Doing evil with data: a beginner’s guide
Why choose evil? It is not only much more fun, you get paid a lot more.
By Tim McElligott
The concept of evil has been co-opted by spiritualists and makers of horror films to represent something otherworldly, an amoral force impressing its will from beyond. But evil is often simply a choice. It is a choice among humans deciding how they want to wield a new-found power or advantage. Big data presents such an advantage and there will be those who choose to use it for public and private benefit, and those who purposely choose to apply it in ways that harm others and benefit only themselves.
Since it is often easier to choose evil, and in the opinion of data scientists Duncan Ross and Francine Bennett, sometimes more fun, the two offered last week a beginner’s guide for using data for evil.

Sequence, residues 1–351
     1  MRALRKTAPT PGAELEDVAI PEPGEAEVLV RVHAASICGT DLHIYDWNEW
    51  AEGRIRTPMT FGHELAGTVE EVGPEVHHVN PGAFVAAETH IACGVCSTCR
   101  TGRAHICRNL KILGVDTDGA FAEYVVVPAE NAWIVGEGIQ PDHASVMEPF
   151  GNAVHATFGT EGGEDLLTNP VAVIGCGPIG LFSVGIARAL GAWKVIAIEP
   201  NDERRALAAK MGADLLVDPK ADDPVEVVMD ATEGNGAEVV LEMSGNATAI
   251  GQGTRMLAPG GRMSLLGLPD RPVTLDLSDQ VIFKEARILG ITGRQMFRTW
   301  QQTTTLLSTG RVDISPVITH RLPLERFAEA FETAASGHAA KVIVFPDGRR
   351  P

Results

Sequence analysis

Why choose evil? It is not only much more fun, it gets you paid a lot more they said, as a lead into their spoof and cautionary tale on becoming an evil overlord of data without really trying.
Duncan Ross has been a data miner since the mid-1990s. He now leads the international data science team at Teradata. Francine Bennett is a data scientist and CEO and co-founder of Mastodon C, which sells an open source technology platform and skills for big data analytics.
Bennett says it doesn’t take much for data scientists to be evil. “A talented data scientist can be evil and it doesn’t have to be about big things. We all have the ability to make the world a tiny bit worse by our behaviors,” she said.
Ross says to do evil, one has to think a little bit about the role of data in the world at the moment and the view that the media takes of data. He accuses the media of having a built-in scare factor when it comes to data. “One of the easiest ways you can be evil … is simply by not doing good. You are encouraging the media to think about data and databases in terms of 1984,” he said.